Fairfield Museum and History Center: When it was foolishly suggested to slash its budget by $17,000, people were reminded of how invaluable this facility and its collection of town history is. As one said, “If we don’t support our heritage, who will?”
Town IT Director Don Leslie: Of all the department heads approached by the Republican study groups, only Information Technology Director Leslie refused to meet with them, preferring to answer their questions in public. He addressed their concerns from the microphone and discussed, point by point, the issues raised. He saved some of the cuts, but was punished for his defiance as needed upgrades got denied.
The General Public: With a town of 59,000 and counting, the percentage of citizens to attend the budget hearings or the RTM district meetings was miniscule. Even a Saturday morning event to appeal to working adults or seniors was lightly attended. Everyone likes to complain about tax increases but few take the trouble to learn how the town is spending their money. With any luck, they will trouble themselves to learn the issues before voting in November.
The Kids: Research shows that children more easily learn a second or third language when young and the proposed cuts to elementary world language instruction will hurt. Additionally, programs we need to increase the number of instructional hours to remain competitive aren’t even being discussed any more since that would cost dollars we no longer have. Coming staff cuts won’t help the students, either.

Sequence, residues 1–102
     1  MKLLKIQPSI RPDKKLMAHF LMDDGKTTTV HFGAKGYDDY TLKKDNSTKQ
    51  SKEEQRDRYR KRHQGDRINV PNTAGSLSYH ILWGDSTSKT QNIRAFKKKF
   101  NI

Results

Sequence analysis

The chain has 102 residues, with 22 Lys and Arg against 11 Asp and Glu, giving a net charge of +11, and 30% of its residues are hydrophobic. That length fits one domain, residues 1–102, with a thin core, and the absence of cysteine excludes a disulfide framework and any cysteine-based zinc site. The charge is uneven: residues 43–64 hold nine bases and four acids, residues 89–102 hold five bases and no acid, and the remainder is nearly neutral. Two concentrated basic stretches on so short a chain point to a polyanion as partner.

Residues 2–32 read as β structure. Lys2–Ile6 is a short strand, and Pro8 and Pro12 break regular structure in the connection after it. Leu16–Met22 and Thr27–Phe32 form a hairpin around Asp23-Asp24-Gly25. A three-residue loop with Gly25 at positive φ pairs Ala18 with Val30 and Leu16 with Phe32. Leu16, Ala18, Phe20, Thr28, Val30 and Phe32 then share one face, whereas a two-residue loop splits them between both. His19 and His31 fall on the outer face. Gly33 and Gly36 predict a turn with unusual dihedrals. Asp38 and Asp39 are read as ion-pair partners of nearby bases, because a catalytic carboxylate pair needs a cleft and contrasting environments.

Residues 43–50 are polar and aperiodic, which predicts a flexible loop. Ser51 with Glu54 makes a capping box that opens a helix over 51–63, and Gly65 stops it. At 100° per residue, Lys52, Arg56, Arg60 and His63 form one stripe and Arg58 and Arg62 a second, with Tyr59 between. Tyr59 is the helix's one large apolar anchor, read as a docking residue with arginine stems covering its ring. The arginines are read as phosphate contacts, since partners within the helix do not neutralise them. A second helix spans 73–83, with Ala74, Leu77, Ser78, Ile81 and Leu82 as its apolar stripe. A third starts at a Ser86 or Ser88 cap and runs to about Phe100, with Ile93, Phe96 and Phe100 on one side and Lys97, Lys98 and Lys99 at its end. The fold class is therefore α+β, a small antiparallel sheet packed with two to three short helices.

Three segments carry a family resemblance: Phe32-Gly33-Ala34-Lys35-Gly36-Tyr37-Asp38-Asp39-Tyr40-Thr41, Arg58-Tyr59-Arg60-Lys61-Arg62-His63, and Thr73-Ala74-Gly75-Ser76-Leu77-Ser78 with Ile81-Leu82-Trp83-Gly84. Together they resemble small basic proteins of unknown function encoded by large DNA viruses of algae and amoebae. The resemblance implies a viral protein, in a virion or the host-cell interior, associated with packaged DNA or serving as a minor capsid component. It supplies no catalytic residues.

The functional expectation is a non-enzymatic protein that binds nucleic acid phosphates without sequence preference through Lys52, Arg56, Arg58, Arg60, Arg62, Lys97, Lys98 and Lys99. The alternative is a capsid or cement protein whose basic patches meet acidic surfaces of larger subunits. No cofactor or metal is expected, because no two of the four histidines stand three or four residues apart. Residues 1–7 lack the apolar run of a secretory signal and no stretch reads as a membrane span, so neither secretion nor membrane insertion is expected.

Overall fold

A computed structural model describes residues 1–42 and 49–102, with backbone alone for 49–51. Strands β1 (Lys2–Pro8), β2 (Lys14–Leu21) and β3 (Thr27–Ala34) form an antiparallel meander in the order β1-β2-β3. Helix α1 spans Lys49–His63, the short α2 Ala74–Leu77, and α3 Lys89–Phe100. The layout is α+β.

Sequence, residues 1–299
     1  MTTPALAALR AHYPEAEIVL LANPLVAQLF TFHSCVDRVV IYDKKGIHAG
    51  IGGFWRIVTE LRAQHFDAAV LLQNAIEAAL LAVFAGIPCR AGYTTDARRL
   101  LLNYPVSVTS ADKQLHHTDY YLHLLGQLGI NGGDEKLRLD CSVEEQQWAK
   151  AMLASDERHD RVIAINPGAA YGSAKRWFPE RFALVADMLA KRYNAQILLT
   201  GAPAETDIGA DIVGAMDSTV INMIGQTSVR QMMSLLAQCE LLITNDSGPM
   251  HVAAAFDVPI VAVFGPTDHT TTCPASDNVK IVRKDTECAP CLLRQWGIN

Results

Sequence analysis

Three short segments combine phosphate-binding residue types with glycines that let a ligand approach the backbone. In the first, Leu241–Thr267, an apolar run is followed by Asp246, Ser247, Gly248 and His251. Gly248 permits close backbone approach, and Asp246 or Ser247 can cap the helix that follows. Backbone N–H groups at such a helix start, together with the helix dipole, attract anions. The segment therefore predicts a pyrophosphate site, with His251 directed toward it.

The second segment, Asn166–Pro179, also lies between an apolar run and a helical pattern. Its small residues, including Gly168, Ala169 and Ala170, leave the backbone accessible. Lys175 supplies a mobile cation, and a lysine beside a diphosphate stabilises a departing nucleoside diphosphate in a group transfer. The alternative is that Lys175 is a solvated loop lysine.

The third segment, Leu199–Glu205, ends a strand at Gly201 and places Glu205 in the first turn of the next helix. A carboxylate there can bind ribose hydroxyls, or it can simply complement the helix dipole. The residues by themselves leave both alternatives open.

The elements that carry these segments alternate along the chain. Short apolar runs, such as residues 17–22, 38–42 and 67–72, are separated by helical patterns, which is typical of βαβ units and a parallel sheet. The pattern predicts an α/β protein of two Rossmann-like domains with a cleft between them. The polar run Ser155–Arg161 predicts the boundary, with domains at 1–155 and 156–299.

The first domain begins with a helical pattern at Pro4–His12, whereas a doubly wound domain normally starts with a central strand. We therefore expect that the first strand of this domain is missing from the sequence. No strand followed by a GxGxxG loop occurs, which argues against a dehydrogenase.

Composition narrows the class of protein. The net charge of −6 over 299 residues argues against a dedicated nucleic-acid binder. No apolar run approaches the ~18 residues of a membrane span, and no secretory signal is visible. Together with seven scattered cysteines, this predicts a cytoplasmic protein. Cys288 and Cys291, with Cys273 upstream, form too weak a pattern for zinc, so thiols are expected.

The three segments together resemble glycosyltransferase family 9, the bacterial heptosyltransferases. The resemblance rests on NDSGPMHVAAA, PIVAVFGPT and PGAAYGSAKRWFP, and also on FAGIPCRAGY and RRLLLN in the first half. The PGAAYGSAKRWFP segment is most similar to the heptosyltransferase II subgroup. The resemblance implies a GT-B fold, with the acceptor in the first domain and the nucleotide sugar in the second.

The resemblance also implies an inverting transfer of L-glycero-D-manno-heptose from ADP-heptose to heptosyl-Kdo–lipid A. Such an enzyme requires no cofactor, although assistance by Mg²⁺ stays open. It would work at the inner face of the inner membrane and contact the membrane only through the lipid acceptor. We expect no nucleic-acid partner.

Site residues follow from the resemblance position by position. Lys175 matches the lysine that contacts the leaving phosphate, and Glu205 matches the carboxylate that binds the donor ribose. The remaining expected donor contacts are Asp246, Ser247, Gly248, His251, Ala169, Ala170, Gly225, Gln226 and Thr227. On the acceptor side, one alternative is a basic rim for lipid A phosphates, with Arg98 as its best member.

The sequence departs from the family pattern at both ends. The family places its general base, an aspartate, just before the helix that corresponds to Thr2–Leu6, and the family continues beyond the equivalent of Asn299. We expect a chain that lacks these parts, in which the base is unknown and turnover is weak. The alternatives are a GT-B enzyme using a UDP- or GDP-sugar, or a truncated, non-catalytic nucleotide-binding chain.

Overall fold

RTM Majority Leader Jamie Millington: For the second year in a row, the RTM's Republican majority leader organized study groups, allowing his team to research the budget in private, away from the RTM's standing committees where these discussions are normally held. This time, though, the public caught on that deliberations were being done in private. Department heads were also scratching their heads before the May 3 RTM meeting, wondering how some of the proposed cuts were conceived. A frequent refrain overheard was, “Had they just asked me…” And clearly the important questions weren’t asked, so every cut was met by a department head explaining what the money was needed for, resulting in a mere $32,000 in cuts to the townside of the 2011-12 town budget (and again, I hold that the additional $128,000 cut to Information Technology is merely a deferred expense). Overall, the GOP looked ill-prepared despite their protestations to the contrary.
Republican Majority on the RTM: Several speaking during the budget hearings showed off a mixture of anger, ignorance, and/or intransigence. In many cases, despite logical arguments, ideology trumped reason. I suggest they watch (and listen to) themselves on the rebroadcasts so they understand how they come across to the general public.
We the People of Fairfield: Kate Daniello, co-founder of the taxpayer advocacy group, continues to ballyhoo her 3000+ membership, but they were as absent and silent as the rest of the town. As a result, she and Bob Forcellina, also a WTP co-founder, appear to be lone voices, shouting into the wind of indifference.